Impatient to improve the local photographic scene in Auckland, John Fields organised the collaborative group publication of Photography – A Visual Dialect: 10 Contemporary New Zealand Photographers in 1970. It included, for the record, three works each by Gary Baigent, Simon Buis, Richard Collins, John Fields, Ken Foster, Alan Leatherby, Roy Long, Mac Miller, Max Oettli and John B. Turner. For July 1972 he organised an invitational exhibition to be shown at Auckland’s prestigious Barry Lett Gallery, which included Gary Baigent, Simon Buis, Richard Collins, Mac Miller, Do Van Toan, John B. Turner, Ans Westra, and Fields himself.

In 1973 his collaboration with the architectural historian John Stacpoole, Victorian Auckland, was published to acclaim. That year 25 of his photographs were also included in the Auckland City Art Gallery’s exhibition and catalogue, Baigent Collins Fields: Three New Zealand Photographers.

John Fields was an influential teacher at the University of Auckland’s Elam summer photography workshops. He was also a major figure behind the founding of PhotoForum Inc in 1973, and contributed photographs and technical reports for PhotoForum magazine.

Fields was the recipient of a Queen Elizabeth II Arts Council grant for photography in 1975, to enable him to do an extensive documentation of the goldfield town of Thames, on the Coromandel Peninsula. Well into the project, for which he contributed much of his own savings, he was frustrated to find that the New Zealand Department of Inland Revenue would not budge in its insistence that his photography was a mere “hobby,” and therefore not eligible for the kind of tax concessions U.S. photographers received.    Consequently, with his wife Patricia and their young daughters, Kerry and Helvi, Fields upped and left for Australia in 1976.

In Sydney, New South Wales, he first taught workshops at the Australian Centre for Photography, then became Chief Photographer at the Australian Museum, Sydney. His work is in the notable publication, Minerals of Broken Hill (1982) and he made the prints from the original glass negatives for the book Frank Hurley in Papua: photographs of the 1920-23 expeditions (1984), for which he  collaborated with Dr. Jim Specht who researched and wrote the text.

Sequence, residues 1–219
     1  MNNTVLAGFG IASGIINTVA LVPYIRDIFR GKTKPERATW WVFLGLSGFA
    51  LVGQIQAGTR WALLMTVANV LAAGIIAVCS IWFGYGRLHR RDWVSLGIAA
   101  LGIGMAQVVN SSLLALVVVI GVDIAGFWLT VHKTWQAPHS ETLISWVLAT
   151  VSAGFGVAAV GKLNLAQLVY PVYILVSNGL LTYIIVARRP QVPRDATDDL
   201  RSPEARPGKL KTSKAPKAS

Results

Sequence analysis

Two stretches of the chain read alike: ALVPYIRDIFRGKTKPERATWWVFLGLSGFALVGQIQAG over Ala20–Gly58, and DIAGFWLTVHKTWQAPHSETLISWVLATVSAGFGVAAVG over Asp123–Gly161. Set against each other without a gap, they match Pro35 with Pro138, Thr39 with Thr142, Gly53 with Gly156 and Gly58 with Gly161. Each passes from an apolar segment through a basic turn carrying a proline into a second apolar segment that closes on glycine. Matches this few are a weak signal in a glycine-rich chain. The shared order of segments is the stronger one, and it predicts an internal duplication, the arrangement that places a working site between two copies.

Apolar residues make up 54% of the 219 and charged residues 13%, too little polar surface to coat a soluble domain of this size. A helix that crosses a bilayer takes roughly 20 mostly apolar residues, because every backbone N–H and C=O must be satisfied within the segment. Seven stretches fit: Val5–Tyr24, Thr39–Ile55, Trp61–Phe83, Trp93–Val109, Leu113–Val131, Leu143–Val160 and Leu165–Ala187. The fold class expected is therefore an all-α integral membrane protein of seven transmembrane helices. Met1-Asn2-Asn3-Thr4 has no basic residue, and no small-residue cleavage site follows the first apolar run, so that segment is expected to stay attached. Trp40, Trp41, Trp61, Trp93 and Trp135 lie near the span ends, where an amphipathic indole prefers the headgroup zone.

Fields moved to Armidale, NSW, in 1987 to become Photographer-in-Charge at the Media Resources Unit of the University of New England. For five years prior to his retirement in January, 1998, he was the Liaison Officer with the University’s Publicity Unit. Since retirement, among other things, he has taken up painting. He now lives in the rural town of Guyra, N.S.W.

John Fields can be seen as both a realist and a romantic. His early work weaves between the picturesque on one hand and classic modernism of the kind associated with Edward Weston and Walker Evans on the other. In his hands metaphor can be used for aesthetic, lyrical purposes, but is just as likely to be used to drive home an ironic social critique, especially in regard to conservation of the land and man’s increasing alienation from nature. That his work is of a superior technical standard is an added bonus.
-John B. Turner.

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One Response to “Obituary: JOHN FIELDS”

  1. Louise Lonsdale-Cooper Says:

    I was sad to learn of John’s death. I have a signed copy of the book Victorian Auckland which he produced along with John Stacpoole. I remember John coming to Thames to do some research in 1977 when I was teaching art at the High school there. I was asked if I could put him up for a few days at my little rented cottage in Pollen Street. We had some lovely evening talks over dinner and I will always remember those few days as a special time in my life. We met again many years later at a gallery opening in Auckland and it was nice that he remembered his stay with me. His book is even more dear to me now.

    Louise Lonsdale-Cooper